Assessment of Preventive Behavior for Cervical Cancer with the Health Belief Model

Document Type : Research Articles


1 Department of Student Research Committee, Fasa University of Medical Sciences, Fasa, Iran.

2 Department of Community Medicine, Fasa University of Medical Sciences, Fasa, Iran.

3 Noncommunicable Diseases Research Center, Fasa University of Medical Sciences, Fasa, Iran.


Introduction: Cervical cancer is a leading cause of death in developing countries. However, taking regular Pap smears
screening, one of the most effective screening tests, can reduce chance of cervical cancer remarkably. The first step in
health education is choosing the right model, one of the best known being the Health Belief Model (HBM). Here, we
evaluated different HBM factors with regard to cervical cancer preventive behavior in Fasa, Iran. Materials and methods:
This cross-sectional study included 200 married women between the ages of 17 and 64 in Fasa during 2013. Participants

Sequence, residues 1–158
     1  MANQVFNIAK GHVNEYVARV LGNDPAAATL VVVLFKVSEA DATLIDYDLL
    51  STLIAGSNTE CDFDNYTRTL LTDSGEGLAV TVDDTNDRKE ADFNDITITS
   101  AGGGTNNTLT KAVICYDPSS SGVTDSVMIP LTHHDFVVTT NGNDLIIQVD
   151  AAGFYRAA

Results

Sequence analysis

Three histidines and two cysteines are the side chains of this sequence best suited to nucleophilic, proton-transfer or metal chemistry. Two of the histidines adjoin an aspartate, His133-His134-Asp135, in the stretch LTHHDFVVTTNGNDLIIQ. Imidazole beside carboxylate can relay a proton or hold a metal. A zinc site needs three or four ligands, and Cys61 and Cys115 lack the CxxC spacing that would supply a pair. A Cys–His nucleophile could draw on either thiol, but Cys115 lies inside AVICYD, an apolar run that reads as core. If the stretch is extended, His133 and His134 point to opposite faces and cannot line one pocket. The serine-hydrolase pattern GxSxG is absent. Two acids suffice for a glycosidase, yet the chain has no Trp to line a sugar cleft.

were selected through stratified sampling from urban health centers. The questionnaire of the HBM included four sections
and was filled out by interview. Data analysis was with SPSS 21, ANOVA and t-tests and Internal correlations between
components of model were analyzed in terms of the Spearman Pearson correlation coefficient. Results: The mean age of
the participants was 35.6±9.89 years. Some 52% had undergone a Pap test. The percentage values for participants’
knowledge and perceived susceptibility were 49.5% and 46%, respectively, considered as moderate. Perceived severity
and benefits were good at 56.5% and 73%, respectively, while perceived barriers was moderate (46.5%). Also, 57.1%
demonstrated a good self-efficacy and 61% good behavior. Discussion: We found that the most predictable factors for
knowledge and behavior were age, income level, perceived benefits, perceived severity and self-efficacy according to
the HBM. These factors should be taken into account for achieving acceptable preventive behaviors in health programs.


Main Subjects